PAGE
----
The words from one of them proved his deduction. “My Lord, it will soon be noon, so we’re preparing lunch.”

“It’s noon already, eh?”

Kant rubbed his eyebrow and waved at the hardworking and humble recruits. “Carry on.”

The recruits nodded respectfully and replied, “Yes, My Lord.” They headed to the kitchen with the lunch ingredients in their hands.

Social castes were clearly divided in the Kingdom of Swadia.

The scorching sun hit Kant as soon as he walked out of the Council Hall. The entire place was steeped in unbearable, scorching heat.

“My Lord.”

The Swadian Militia guarding the door bowed respectfully as he addressed Kant.

The builders, who were all wearing long robes and hoods, were carefully transporting construction materials. They even placed handkerchiefs on top of the surfaces they were hitting with a hammer. They were afraid of disturbing the quiet and peaceful Council Hall next to the construction site.

Kant turned around and looked at their progress.

The shape of the watchtower was now taking shape.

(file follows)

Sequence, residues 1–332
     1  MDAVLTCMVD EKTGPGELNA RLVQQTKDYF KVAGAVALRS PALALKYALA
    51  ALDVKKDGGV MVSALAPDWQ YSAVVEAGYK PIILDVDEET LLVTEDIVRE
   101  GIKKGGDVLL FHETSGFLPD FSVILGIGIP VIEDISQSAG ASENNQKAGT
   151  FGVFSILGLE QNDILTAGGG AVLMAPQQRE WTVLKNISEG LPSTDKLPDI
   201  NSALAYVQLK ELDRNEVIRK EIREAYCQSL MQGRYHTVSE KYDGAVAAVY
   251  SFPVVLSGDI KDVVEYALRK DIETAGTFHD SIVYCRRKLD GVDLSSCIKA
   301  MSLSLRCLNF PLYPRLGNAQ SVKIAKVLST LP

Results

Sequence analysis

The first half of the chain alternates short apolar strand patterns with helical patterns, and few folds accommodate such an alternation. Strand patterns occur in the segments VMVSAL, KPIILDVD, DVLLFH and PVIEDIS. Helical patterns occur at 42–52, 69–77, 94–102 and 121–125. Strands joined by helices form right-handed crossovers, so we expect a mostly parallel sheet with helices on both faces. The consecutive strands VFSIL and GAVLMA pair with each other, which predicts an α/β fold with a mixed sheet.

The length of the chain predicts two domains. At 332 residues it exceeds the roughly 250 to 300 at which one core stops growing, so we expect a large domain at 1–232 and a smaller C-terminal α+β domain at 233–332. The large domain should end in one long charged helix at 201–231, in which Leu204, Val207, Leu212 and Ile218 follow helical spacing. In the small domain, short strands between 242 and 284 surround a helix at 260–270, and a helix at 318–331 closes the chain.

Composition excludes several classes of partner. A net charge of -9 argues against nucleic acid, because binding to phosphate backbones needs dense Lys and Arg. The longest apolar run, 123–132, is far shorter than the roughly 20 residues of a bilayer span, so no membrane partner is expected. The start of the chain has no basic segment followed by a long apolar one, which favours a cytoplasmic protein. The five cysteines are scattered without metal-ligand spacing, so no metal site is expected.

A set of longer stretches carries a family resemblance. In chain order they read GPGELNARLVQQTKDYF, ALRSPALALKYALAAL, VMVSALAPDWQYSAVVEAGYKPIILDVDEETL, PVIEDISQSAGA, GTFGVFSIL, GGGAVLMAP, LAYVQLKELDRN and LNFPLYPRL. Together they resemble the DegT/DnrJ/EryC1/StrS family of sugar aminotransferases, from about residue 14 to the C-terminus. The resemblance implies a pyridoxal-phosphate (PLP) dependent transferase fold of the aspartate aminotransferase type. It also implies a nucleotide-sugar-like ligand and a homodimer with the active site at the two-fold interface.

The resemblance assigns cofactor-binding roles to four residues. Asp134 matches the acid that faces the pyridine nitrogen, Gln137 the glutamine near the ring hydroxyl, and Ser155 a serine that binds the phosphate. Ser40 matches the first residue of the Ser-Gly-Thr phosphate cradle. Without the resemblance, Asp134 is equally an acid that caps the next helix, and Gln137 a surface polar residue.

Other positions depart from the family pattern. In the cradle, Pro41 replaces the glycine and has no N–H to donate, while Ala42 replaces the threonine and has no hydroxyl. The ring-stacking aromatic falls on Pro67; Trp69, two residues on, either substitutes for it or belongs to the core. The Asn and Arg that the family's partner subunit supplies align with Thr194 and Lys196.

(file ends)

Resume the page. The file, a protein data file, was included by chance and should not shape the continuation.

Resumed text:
Piled stone formed the base and platform. Strong wooden materials were used to build the tower’s walls and ladders. While the watchtower was nowhere near being finished, the silhouette was still visible. The construction workers estimated that the tower would be finished within seven days. There seemed to be no problems in meeting that deadline.

“You’re back, My Lord.”

The building foreman of the builders quickly came over to Kant. His honest-looking face was adorned with a beaming smile.

“Yeah.” Kant simply nodded at the seemingly honest yet actually cunning face of the foreman. He looked very much like a Swadian merchant. He plainly said, “Keep the pace as it is. It’s best if you guys can finish by the deadline. It is imperative that you do so.”